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Description of Pituitary Tumors

Pituitary Tumors (adenomas)

Pituitary tumors are common. In autopsy studies of patients who did not have known pituitary disease, up to 20% had small tumors in their pituitary glands. There are no known environmental causes for pituitary tumors. Very rarely they can run in families and may be associated with some other diseases such as high blood calcium level and certain types of abdominal tumors. Over 99% of pituitary tumors are benign (not a cancer). Although the tumors are benign, they can cause problems because of their size, because they cause the normal pituitary gland to become underactive (hypopituitarism) or because they cause excessive hormone production.

By far the most common type of tumor of the pituitary gland tumors (about half of all cases) are the "non-functioning" tumors. These pituitary tumors, which are not associated with any clinical manifestations secondary to excess hormone secretion. They may cause problems due to their size such as headaches and visual problems or they can press on the pituitary gland, causing it to stop producing the required amount of one or more of the pituitary hormones, leading to hormone deficiency.

Hyperprolactinemia (elevated prolactin)

A prolactinoma is a prolactin-producing tumor of the pituitary gland. These tumors come in various sizes, but the vast majority are less than 10mm (½ inch) in diameter. These are called microprolactinomas. The larger pituitary tumors are called macroprolactinomas. Prolactinomas can occur in both men and women. They may cause discharge from breasts (galactorrhea), irregular periods (oligomenorrhea) or loss of normal menstrual function (amenorrhea) in females and impotence in men. In addition, large prolactinomas may cause symptoms due to their size or other pituitary hormone deficiency that is seen in nonfunctional tumors.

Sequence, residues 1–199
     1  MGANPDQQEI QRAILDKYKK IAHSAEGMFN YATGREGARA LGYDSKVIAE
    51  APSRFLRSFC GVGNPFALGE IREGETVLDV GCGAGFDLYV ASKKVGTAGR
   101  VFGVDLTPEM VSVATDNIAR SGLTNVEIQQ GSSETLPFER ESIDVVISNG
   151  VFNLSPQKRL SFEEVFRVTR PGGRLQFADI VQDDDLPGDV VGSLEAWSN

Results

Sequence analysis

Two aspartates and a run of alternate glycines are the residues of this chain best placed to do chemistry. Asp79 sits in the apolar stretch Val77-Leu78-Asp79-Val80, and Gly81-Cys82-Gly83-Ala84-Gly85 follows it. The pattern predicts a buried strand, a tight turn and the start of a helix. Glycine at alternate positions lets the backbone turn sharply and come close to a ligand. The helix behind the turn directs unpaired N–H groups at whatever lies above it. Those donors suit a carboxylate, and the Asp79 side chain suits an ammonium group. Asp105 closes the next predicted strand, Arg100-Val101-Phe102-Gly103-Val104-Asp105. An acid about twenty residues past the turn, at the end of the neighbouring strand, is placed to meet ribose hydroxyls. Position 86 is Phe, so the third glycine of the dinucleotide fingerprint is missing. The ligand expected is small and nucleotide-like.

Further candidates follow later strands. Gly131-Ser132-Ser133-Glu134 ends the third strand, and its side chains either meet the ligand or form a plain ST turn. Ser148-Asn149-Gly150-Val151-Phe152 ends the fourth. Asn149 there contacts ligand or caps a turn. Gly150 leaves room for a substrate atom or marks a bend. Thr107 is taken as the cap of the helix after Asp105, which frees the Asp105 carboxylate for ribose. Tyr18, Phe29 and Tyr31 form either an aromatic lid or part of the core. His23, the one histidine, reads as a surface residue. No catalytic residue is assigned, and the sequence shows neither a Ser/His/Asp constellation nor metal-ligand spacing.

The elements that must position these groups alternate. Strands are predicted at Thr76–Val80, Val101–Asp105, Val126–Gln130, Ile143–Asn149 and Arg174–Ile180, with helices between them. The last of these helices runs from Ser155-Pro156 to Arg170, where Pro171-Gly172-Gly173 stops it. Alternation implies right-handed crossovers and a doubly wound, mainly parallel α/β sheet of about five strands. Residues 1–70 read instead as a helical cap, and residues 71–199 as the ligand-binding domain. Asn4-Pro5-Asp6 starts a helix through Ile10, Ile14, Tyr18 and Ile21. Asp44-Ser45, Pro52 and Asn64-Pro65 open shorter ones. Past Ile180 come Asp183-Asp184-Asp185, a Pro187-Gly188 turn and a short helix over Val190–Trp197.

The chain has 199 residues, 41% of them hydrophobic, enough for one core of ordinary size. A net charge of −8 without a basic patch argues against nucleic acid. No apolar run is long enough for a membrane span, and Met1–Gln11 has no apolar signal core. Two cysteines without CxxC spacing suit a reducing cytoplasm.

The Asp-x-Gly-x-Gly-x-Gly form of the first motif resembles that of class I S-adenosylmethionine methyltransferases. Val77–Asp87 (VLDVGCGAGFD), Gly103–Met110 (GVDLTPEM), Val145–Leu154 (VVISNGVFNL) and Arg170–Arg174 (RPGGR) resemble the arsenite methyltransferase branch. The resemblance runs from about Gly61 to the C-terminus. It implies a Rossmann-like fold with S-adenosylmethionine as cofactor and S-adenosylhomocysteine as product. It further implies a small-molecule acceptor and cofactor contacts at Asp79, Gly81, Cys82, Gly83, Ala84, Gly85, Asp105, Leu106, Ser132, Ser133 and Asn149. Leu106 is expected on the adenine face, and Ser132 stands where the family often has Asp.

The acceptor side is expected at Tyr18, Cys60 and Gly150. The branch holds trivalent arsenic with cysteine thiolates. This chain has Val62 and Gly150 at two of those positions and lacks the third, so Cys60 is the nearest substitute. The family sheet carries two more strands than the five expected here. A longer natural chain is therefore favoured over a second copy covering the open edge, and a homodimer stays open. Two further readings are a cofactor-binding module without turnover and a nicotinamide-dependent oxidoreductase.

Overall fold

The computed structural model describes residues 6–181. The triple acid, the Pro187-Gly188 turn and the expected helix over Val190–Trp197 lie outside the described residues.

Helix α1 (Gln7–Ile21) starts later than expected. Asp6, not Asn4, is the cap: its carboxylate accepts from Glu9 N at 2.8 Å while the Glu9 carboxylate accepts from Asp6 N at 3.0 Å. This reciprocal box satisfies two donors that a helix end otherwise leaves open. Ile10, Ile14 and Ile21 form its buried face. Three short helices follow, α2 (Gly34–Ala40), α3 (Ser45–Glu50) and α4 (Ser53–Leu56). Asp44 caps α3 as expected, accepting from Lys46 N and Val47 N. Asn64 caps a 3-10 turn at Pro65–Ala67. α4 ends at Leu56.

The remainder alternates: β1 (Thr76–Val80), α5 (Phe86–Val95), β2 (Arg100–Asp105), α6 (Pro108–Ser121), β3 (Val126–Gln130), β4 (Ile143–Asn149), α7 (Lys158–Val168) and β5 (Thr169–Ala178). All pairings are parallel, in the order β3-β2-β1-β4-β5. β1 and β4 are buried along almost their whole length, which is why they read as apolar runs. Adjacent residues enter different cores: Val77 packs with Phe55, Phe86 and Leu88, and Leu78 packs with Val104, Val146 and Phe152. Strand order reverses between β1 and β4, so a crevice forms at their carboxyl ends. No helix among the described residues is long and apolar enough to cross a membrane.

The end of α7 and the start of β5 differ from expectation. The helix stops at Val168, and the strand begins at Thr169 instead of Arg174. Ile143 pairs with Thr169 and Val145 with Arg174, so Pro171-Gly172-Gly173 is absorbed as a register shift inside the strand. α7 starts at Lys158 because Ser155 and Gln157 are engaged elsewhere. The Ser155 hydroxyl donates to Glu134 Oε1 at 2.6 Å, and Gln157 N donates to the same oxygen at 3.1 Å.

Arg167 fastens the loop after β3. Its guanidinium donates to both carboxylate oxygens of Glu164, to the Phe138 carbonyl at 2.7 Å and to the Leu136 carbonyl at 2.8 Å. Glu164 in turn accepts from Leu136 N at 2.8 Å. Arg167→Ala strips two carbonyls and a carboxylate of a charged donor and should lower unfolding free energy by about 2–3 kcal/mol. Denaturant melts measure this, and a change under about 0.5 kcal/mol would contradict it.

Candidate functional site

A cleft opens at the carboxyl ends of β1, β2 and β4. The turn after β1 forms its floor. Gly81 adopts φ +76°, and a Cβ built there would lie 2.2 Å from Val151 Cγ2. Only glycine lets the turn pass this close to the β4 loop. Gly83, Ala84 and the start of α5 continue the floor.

Most patients with prolactinoma do not require surgery, as most prolactinoma tumors (even very large ones) shrink in size following treatment with medication.

Galactorrhea (abnormal breast discharge)

Sometimes a woman's breast makes milk even though she is not breast feeding a baby. This is called galactorrhea. The milk may come from one or both breasts. It may leak with no stimulation or it may leak only when the breasts are touched. Galactorrhea can be caused by medicines, Herbs, street drugs, hormonal imbalance, pituitary tumors, pregnancy, tight clothing that irritates breast and stimulation of the breast during sexual activity. Sometimes the cause can't be found.

Cushing’s Disease

Cushing's disease describes the condition resulting from too much exposure to steroid hormones. The commonest cause of it is the usage of synthetic steroids. The excess production of ACTH by pituitary gland tumors is the next most common cause. This in turn stimulates the adrenal glands to produce excess steroid hormone called cortisol. Cushing's disease can also be caused by a small growth in one, or both, of the adrenal glands or less likely tumors in the lungs or pancreas. The disease is more common in women and mostly seen in middle-age groups, although it can be seen in any age.

Patients often complain of progressive weight gain, depression, muscle weakness, easy skin bruising, impotence (in men) and irregular periods (in females). The treatment is usually surgery, which needs to be done by an experienced neurosurgeon. Radiotherapy may be used in some patients that are not cured by surgery. Medical therapy has only a limited role in the management of this disease.